Verticillium wilt of deciduous fruit trees
Verticillium wilt, also known as blackheart, is caused by the fungus Verticillium dahliae. The disease is found worldwide but is more serious in temperate areas.
Verticillium wilt affects over 300 species, including both woody and herbaceous plants.
The disease can affect the following fruit trees:
- apricot (most commonly)
Infections of apple and pear trees are rare.
The following nut trees are also susceptible:
Resistant plants include:
- all monocots (including cereals and grasses)
- all gymnosperms (conifers and relatives)
- some other plants, including apples, pears, oaks and willows.
The disease is usually observed in early summer as a progressive loss of leaves from infected limbs, starting at the base of each branch (Figure 1).
Leaves may become yellow and dull in appearance before dropping prematurely. By late summer, only a tuft of leaves may remain at the tip of a severely affected branch (Figure 2).
Occasionally leaves may show a true wilt, and when the death of these leaves is very rapid they may remain attached to the plant for several weeks. An entire tree can show these symptoms, or infection may be confined to one side, or even one branch, of the tree.
The most important diagnostic symptom of this disease is found when the trunk, branches or twigs are cut open to reveal the internal wood (Figure 3). Diseased wood shows in the cross section as a series of light to dark brown, irregularly shaped spots that sometimes merge into a ring of stained tissue. In mild cases of infection, wood staining may occur in the absence of any leaf symptoms.
The disease is serious for commercial growers because, though affected trees rarely die quickly, they may remain stunted and unproductive for many years. There is also a strong probability that replacement trees will be attacked in later seasons.
The fungus is widespread and particularly prevalent on land that has been repeatedly cropped with susceptible crops (alternative hosts for the fungus) such as:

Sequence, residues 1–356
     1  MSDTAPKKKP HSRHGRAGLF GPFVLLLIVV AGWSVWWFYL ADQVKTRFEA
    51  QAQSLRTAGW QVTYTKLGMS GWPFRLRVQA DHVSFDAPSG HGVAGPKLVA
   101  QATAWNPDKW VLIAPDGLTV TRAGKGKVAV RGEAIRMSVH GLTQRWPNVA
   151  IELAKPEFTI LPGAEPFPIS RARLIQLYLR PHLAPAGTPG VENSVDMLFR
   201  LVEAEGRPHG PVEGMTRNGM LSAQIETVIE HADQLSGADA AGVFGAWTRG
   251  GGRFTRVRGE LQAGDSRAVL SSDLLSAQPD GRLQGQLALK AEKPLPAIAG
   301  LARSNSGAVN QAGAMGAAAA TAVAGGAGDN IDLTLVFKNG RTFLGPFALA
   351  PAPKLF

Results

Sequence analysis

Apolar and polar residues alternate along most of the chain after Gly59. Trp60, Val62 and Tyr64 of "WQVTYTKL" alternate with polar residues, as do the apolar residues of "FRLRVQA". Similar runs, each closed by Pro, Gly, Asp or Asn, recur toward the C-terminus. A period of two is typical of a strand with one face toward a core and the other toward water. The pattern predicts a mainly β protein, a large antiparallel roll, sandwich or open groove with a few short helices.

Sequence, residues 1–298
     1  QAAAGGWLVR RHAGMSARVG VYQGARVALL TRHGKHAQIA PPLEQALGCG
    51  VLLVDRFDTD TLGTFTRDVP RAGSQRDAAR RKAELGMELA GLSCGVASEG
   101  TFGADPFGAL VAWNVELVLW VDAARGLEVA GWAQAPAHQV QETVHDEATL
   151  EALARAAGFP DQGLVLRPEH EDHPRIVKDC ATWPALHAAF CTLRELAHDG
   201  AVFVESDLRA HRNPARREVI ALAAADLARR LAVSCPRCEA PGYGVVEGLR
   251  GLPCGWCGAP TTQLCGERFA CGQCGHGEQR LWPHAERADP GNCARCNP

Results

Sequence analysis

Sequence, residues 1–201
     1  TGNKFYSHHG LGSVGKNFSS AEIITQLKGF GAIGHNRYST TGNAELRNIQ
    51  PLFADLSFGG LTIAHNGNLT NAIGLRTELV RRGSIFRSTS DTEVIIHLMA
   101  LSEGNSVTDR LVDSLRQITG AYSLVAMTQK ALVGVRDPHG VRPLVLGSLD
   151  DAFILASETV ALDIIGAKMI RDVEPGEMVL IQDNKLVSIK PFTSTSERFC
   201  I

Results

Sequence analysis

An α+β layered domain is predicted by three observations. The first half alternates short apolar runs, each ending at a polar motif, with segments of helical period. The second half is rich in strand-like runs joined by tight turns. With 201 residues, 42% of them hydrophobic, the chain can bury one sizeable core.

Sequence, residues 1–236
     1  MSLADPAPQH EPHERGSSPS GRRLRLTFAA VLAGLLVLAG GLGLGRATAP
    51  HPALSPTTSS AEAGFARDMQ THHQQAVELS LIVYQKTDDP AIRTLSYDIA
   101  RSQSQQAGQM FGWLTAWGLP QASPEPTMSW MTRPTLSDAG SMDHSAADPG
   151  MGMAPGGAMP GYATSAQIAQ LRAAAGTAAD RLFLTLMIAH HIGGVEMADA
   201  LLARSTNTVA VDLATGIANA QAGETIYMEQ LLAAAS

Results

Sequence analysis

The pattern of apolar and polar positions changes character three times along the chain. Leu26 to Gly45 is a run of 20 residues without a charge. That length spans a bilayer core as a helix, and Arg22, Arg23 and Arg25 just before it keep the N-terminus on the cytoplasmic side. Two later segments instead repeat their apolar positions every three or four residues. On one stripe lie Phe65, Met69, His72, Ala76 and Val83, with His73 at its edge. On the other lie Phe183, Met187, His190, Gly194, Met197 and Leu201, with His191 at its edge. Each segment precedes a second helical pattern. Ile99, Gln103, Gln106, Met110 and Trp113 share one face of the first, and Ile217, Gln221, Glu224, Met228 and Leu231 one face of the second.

The fungus survives in the soil for many years as resting-bodies (micro-sclerotia) and as a root-parasite of many crop plants and weeds. Mycelium enters a healthy plant by penetrating the root hairs, or through any wound. The fungus then grows into the water-conducting wood, in which it forms spores.
These spores are carried upwards, with the flow of water, to the stem and leaves, giving rise to a continuous strand of infected wood from the invaded root to the branches and leaves vertically above it.
Controlling verticillium wilt
Verticillium wilt is difficult to control because the source of infection occurs in the soil and the fungus spreads internally throughout the tree. No method is available for treating infected orchard trees.
Reduce fungus in soil
To prevent Verticillium from attacking fruit trees, try to reduce the amount of fungus in the soil. You can do this in the following ways:
- Only plant new blocks of stone fruit on land that has been under grass for several years and avoid planting stone fruit into sites that have had a history of crops such as potatoes, tomatoes or strawberries.
- If fruit trees must be planted in soil known to be infested with Verticillium, then plant apples or pears, as these species show marked resistance to the disease. Apricots grown on plum rootstocks also show some resistance to the disease, and can be planted where other options are not available.
- Use only high-quality, disease-free planting material, because transmission of V. dahliae in vegetative planting stock is significant.
- Avoid intercropping blocks of young stone fruit with tomatoes, potatoes, peppers, strawberries or melons, as these susceptible crops can increase the population of Verticillium in the soil.
- Suppress weeds after planting or sow the block down to grass and clover to prevent a rapid increase of Verticillium in the soil. Important weed hosts of Verticillium belong to the families Chenopodiaceae (fat hen), Solanaceae (nightshade), and Amaranthaceae (red-root amaranthus).
- Remove seriously affected, unproductive trees and as much of their roots as possible. Fumigate or otherwise treat (for example, by soil solarisation) the area to kill any remaining fungus before replanting.
- Avoid subjecting young plants to water stress, root damage and excessive quantities of fertiliser.